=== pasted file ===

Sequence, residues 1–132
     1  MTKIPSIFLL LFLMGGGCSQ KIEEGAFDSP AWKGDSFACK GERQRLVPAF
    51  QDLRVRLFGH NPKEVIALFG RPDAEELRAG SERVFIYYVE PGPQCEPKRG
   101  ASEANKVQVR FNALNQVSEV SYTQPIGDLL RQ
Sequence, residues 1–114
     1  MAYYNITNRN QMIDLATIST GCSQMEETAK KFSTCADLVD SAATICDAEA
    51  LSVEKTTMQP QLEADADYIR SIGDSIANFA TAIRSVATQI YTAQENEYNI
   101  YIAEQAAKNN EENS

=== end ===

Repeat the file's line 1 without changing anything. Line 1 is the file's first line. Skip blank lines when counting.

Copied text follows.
Sequence, residues 1–132